by Walt Whitman (1819 - 1892)

O to make the most jubilant song!
Language: English 
O to make the most jubilant song!
Full of music -- full of manhood, womanhood, infancy!
Full of common employments -- full of grain and trees.

O for the voices of animals -- O for the swiftness 
  and balance of fishes!
O for the dropping of raindrops in a song!
O for the sunshine and motion of waves in a song!

O the joy of my spirit -- it is uncaged -- it darts like lightning!
It is not enough to have this globe or a certain time,
I will have thousands of globes and all time.

O the engineer's joys! to go with a locomotive!
To hear the hiss of steam, the merry shriek, the steam-whistle, 
  the laughing locomotive!
To push with resistless way and speed off in the distance.

O the gleesome saunter over fields and hillsides!
The leaves and flowers of the commonest weeds, the moist fresh
   stillness of the woods,
The exquisite smell of the earth at daybreak, 
  and all through the forenoon.

O the horseman's and horsewoman's joys!
The saddle, the gallop, the pressure upon the seat, the cool
   gurgling by the ears and hair.

O the fireman's joys!
I hear the alarm at dead of night,
I hear bells, shouts! I pass the crowd, I run!
The sight of the flames maddens me with pleasure.

O the joy of the strong-brawn'd fighter, towering in the arena 
  in perfect condition, conscious of power, thirsting to meet his
  opponent.

O the joy of that vast elemental sympathy which only the human
soul is capable of generating and emitting in steady and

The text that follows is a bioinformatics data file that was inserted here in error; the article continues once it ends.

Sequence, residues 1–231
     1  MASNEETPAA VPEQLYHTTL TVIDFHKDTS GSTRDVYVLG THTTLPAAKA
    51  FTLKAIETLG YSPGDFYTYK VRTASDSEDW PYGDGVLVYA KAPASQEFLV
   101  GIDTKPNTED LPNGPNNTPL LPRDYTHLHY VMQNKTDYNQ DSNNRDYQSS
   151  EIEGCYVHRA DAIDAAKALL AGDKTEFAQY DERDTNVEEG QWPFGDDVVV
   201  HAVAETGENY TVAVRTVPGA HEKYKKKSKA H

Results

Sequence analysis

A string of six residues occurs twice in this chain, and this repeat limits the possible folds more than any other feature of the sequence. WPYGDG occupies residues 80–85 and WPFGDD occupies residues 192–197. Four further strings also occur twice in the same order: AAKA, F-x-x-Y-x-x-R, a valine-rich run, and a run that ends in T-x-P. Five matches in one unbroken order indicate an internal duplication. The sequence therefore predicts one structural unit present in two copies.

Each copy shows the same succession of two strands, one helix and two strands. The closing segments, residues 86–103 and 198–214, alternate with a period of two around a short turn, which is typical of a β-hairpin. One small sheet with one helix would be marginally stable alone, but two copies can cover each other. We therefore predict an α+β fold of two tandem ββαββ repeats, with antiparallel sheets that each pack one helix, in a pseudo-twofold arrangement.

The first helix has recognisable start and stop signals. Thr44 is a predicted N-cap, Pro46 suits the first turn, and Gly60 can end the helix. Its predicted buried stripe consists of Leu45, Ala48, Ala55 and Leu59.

limitless floods.

O the mother's joys!
The watching, the endurance, the precious love, the anguish, 
  the patiently yielded life.

O the of increase, growth, recuperation,
The joy of soothing and pacifying, the joy of concord and harmony.

O to go back to the place where I was born,
To hear the birds sing once more,
To ramble about the house and barn and over the fields once more,
And through the orchard and along the old lanes once more.

O to have been brought up on bays, lagoons, creeks, or along the
coast,
To continue and be employ'd there all my life,
The briny and damp smell, the shore, the salt weeds exposed at low
water,
The work of fishermen, the work of the eel-fisher and clam-fisher;
I come with my clam-rake and spade, I come with my eel-spear,
Is the tide out? I Join the group of clam-diggers on the flats,
I laugh and work with them, I joke at my work like a mettlesome
young man;
In winter I take my eel-basket and eel-spear and travel out on foot
on the ice -- I have a small axe to cut holes in the ice,
Behold me well-clothed going gayly or returning in the afternoon,
my brood of tough boys accompanying me,
My brood of grown and part-grown boys, who love to be with no
one else so well as they love to be with me,
By day to work with me, and by night to sleep with me.

Another time in warm weather out in a boat, to lift the lobster-pots